En papillote is a French term and a cooking method that means “in paper.” Today we are cooking our ingredients inside paper, not just any paper, but parchment paper that is designed for food and can withstand high temperatures. We are creating a tightly sealed paper parcel where the salmon will cook by steam.
Steam is a versatile moist cooking method where liquid is vapourized into steam. The steam carries heat to the food and cooks the food. Steaming food preserves many of the nutrients and seals in the flavours.
Be sure to use BC Ocean Wise salmon to ensure that the salmon was sustainably caught.
Yield: 4 small servings
Preparation Time: About 20 minutes
Cooking Time: About 10 minutes (longer for larger pieces of fish)
- 1 leek, very thinly sliced, white
- 2 Tbsp. torn flat leafed parsley
- 1 clove garlic, minced
- about 3 tsp. butter
- 4 – 100 g portions (about 4 oz.) of skinless, boneless wild salmon
- sea salt and freshly cracked pepper
- 2 tsp. lemon zest
- 3 tsp. lemon juice
- 1 tsp. herbes de Provence, or 2
- Tbsp. fresh herbs, such as basil,
marjoram, and thyme
- cutting board
- small sharp knife
- fish tweezers
- measuring spoons
- dinner knife, to cut butter
- 3 pieces parchment paper (about 30 x 30 cm)
- baking sheet
- citrus juicer or reamer
- 3 small bowls
- Preheat the oven to 425 F with the oven rack in the middle.
- Rub a little butter on center of each parchment paper, leaving a three- finger width border.
- Rinse the salmon under cold water and pat dry on a paper towel. Run your finger over the fillets to see if all the pin bones are removed. If not, remove them with fish tweezers. Put aside for now.
- Cut the hairy end off of the leek and remove the green portion. Cut the white leek in 1/2, lengthwise and rinse under cold water to remove any dirt. Pat dry. Place the leek halves on the cutting board and cut across the width into very thin strips. Place in a small bowl.
- Grate the garlic on a microplane and add to the leek.
- Remove the leaves from the parsley and chop or tear into small pieces.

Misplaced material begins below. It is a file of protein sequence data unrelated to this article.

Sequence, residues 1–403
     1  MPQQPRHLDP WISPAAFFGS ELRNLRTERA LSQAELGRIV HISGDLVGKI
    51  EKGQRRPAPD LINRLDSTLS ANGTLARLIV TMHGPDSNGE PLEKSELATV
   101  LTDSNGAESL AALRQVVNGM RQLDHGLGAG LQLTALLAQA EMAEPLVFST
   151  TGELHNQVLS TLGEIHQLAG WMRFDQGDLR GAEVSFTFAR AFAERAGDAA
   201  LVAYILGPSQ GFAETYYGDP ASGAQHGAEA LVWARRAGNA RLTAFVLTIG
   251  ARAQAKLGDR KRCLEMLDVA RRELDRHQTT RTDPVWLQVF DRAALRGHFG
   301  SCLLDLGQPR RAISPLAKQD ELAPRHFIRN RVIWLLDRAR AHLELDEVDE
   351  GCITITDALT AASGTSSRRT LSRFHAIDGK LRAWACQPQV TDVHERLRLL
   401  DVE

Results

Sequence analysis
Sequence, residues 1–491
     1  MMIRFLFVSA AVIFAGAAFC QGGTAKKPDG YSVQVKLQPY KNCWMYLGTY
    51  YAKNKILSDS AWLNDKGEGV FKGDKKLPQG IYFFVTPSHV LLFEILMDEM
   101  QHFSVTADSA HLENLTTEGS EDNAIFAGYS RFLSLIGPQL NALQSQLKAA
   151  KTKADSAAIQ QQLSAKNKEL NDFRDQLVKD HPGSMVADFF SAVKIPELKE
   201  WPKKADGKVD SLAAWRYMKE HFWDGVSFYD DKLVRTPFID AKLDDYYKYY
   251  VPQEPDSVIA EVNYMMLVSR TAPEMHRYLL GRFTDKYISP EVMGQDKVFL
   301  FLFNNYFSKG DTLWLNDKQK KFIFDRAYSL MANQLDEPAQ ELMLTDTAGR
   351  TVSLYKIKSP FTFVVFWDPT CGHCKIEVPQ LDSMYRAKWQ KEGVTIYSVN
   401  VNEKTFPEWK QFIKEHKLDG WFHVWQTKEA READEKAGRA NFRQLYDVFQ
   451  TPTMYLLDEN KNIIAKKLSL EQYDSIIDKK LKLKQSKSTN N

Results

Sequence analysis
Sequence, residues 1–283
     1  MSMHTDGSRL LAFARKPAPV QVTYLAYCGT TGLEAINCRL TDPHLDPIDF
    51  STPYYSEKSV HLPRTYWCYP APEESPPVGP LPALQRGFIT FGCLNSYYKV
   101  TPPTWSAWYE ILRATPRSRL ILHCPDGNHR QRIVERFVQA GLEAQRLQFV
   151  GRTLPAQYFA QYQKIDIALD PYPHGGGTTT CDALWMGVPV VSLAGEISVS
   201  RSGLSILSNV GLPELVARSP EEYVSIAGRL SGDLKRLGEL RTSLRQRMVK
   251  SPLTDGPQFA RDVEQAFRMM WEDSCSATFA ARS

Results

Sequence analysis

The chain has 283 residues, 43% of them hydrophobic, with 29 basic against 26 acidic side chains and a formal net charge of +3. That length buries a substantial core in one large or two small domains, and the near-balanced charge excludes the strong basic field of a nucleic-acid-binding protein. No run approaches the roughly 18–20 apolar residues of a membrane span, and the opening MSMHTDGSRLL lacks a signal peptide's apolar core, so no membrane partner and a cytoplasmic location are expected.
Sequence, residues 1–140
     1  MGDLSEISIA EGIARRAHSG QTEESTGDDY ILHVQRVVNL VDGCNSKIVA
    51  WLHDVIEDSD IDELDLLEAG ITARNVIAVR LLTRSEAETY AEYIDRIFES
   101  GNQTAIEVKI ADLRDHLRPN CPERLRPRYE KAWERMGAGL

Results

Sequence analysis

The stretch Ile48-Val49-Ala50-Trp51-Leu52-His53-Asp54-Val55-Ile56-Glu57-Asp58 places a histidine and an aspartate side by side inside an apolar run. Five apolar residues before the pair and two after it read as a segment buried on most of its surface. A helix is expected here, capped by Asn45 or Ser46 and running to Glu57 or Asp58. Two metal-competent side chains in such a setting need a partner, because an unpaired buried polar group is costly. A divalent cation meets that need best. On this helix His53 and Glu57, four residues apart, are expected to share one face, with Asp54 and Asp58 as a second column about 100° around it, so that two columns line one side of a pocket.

Add to the leek mixture. Toss the mixture together.
- Zest the lemon, then juice it and put aside for now in small bowls.
- Place ½ of the leek mixture in the centre of each piece of parchment.
- Place the salmon fillets on top of the leek mixture. Season with sea salt and pepper. Sprinkle with herbs de Provence and lemon zest.
- Sprinkle the other half of the leek mixture over top. Add a drizzle of lemon juice and dot with the remaining butter.
- Fold the parchment over the fish and seal the edges by pleating. To pleat the parchment, start at one corner and fold the edges over and press them. Fold the next pleat, catching the edge of the first pleat so the pleats slightly overlap each other. Work your way around the parchment until you have a tightly sealed packet. Slide the packets on a baking sheet.
- Place in the oven to steam the fish for 10 minutes, or until firm to the touch. Remove from the oven and let rest for two minutes.
- Slide the packet onto plates and serve. With scissors, cut the parchment but take care when opening as hot steam may rush out. Peel back the parchment paper and enjoy the aroma and flavour.
- There are many possibilities with ‘en papillote’ cooking. Try different vegetables with the fish, such as celery, carrots, tomatoes, or mushrooms. Just be sure the vegetables are cut very small so they cook in the short cooking time. Try different herbs and spices: chopped fresh ginger, thyme, basil, or tarragon. Try olive oil instead of butter. Try orange zest and juice instead of lemon. Try different fish, such as snapper, ling cod or bass. Experiment and discover your favourite combination.
STEP-BY-STEP – SALMON EN PAMPILLOTE!
Rub a little butter on the center of each parchment paper, leaving a three-finger width border. Also, ask an adult to preheat the oven to 425 F for you.
Gather all of your ingredients. Rinse the salmon under cold water and pat dry on a paper towel. Run your fingers over the fillets to make sure all the pin bones are removed. If you find some, remove them using fish tweezers or needle-nosed pliers.
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